Gandhi’s influence on Karath is prevalent though not directly, in the first of his novels Chomana Dudi which depicts the life of an untouchable. Choma, who works along with his children, for a landlord half of his age, had a dream or a fantasy to cultivate his own plot of land. He drowned his sorrows by playing his drums with all pride ”like a midudangam pandit”. Apart from presenting vivid images of the landscape, Karath describes the plight of Choma in sharp irony: “ The hut was his own—when not claimed by rains and storms”. “Plantation debts are like plantation malaria: once in their grip no release till death.”
U.R.Ananthamurthy, one of the outstanding storyteller in Kanada, has acknowledged the impact of Karanth’s Chomana Dudi on him. Ananthamurthy says that when he read Chomanana Dudi he suddenly became aware of the fact that people like Choma have an inner self which he had not realised earlier. He read Karanth’s novel when he was in high school and it prompted him to change his opinions on untouchables in the society. This led him to Gandhi and he started participating in processions as a young boy. He participated in Kodagu Satyagraha, a farmers’ movement for land rights. In fact, his first published work was a pamphlet written by him on the problems of farmers which he remembers selling himself. As he grew up, he came under the influence of socialist movements led by leaders like Ram Manohar Lohia.
Post independent India, in its urge for industrialization, was relegating Gandhian ideals to back burner. The romantic idealism of pre-independent India was giving way to realism in life. Literature, being the extension of life was also moving towards realism. Ananthamurthy belongs to post independent India where scepticism has already set on the institutions modelled on the west.
Ananthamurthy’s novel Aveste deals with an idealist who dreams to establish a just political system, which would be honest and beneficial for all in the society. But Krishnappa, the hero fails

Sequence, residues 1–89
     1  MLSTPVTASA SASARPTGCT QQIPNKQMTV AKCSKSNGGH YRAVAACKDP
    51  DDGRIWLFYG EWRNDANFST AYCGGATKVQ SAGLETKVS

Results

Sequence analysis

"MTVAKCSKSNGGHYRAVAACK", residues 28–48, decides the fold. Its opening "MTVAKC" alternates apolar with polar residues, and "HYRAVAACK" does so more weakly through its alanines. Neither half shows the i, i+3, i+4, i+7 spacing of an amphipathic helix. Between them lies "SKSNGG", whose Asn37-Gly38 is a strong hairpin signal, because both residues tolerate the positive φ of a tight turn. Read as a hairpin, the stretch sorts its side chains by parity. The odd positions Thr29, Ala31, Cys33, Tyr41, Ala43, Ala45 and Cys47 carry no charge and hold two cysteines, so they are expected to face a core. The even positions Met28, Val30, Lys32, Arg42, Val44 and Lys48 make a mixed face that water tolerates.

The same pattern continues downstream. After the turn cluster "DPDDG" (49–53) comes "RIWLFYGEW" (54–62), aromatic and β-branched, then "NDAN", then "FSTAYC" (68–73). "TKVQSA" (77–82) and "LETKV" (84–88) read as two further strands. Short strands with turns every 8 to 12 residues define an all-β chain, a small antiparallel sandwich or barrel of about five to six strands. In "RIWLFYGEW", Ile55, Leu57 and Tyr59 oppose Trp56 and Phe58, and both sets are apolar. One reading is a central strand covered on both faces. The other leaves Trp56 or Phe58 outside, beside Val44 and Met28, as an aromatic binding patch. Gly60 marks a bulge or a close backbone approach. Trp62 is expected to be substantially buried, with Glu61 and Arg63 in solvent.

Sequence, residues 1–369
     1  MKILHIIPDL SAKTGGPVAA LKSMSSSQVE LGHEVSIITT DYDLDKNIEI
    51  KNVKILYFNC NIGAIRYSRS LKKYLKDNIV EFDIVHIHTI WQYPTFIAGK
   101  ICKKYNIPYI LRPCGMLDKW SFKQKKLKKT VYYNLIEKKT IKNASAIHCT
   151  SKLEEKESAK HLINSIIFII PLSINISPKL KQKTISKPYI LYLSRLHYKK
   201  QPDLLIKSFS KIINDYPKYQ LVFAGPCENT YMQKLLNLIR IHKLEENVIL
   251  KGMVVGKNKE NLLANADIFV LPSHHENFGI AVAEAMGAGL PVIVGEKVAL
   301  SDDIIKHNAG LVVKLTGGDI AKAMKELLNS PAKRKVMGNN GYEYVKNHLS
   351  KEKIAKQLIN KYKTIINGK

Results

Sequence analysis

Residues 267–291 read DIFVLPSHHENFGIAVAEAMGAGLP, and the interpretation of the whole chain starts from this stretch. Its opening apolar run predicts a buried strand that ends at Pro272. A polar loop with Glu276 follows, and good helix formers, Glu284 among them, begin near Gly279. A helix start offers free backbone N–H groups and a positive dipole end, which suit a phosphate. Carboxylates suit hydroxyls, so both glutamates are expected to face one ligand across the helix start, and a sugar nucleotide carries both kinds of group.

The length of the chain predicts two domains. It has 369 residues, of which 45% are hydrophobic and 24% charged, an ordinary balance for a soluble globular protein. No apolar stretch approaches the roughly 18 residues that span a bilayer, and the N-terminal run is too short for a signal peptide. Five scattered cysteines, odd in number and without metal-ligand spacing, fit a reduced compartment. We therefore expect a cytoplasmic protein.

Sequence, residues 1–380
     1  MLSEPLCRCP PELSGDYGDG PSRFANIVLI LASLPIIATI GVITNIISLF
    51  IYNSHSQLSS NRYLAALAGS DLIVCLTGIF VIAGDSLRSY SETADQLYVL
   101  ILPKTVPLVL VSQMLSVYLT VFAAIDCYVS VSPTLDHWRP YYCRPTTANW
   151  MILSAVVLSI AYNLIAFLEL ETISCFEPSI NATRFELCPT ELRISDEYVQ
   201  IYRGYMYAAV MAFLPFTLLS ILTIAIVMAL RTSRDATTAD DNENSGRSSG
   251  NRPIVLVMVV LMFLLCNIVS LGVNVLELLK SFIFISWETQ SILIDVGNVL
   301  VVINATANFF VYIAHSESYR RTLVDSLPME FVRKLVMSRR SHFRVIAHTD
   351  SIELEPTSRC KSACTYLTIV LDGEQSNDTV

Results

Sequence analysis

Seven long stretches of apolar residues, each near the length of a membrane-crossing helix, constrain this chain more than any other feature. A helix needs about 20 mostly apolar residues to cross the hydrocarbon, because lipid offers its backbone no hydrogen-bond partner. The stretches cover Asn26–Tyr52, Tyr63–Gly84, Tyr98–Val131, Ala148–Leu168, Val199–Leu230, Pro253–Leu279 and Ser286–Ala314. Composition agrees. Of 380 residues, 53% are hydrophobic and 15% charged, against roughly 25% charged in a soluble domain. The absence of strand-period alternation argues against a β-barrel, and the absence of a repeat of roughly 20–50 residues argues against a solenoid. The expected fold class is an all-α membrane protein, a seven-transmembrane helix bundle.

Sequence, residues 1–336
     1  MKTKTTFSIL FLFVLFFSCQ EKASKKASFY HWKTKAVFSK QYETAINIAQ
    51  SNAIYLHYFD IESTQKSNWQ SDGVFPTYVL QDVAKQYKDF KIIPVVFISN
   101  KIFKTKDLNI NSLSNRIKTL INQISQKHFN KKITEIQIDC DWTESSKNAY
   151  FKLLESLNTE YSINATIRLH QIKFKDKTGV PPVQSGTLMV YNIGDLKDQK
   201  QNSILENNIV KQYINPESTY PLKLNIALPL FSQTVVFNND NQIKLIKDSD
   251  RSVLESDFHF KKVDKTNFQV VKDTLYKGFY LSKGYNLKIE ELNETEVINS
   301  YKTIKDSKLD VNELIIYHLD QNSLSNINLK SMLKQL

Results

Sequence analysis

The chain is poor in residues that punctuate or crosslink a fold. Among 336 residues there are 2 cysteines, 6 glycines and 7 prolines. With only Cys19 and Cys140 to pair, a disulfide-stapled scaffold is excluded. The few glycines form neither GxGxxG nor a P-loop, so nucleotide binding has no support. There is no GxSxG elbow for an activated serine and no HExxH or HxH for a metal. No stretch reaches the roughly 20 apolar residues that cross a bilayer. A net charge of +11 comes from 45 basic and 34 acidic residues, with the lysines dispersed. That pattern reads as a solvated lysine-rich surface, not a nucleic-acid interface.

Interestingly Gandhi way back in 1909 itself, after reading Thomas Carlyle’s, The French Revolution: A history came to the conclusion that ‘white nations’ were not an appropriate role model for India. This thought got reinforced in him when he read Jonathan Swift’s Gulliver’s Travels. He wrote a candid comment on Gulliver’s Travels: “ Gulliver’s Travels contains a so effective condemnation in an ironic vein of modern civilisation”
Ananthamurthy’s short stories such as Clip Joint, Sooryana Kudire argue that all that is western or modern cannot be accepted blindly
Despite the contributions of eminent writers through their masterpieces, and consistent effort to take Gandhi to the younger generation ( Gandhi Bhavan of Bangalore University published a monthly Bapu Vani to provide a forum for students to try their hands in Gandhian literature) a kind of dichotomy seems to exist in Kannada literature. Encyclopaedia of Indian Literature observes “ The Idealism and fervent patriotism of past years have given place to cynicism and disbelief” in Kannada literature. “ The Dalits question the very bonafides of Gandhiji and his works. A general tone of scepticism about Gandhism is present in such writings … The contemporary creative literature on Gandhi is, by and large, critical and abrasive” laments this Sahitya Akademi publication of 1988.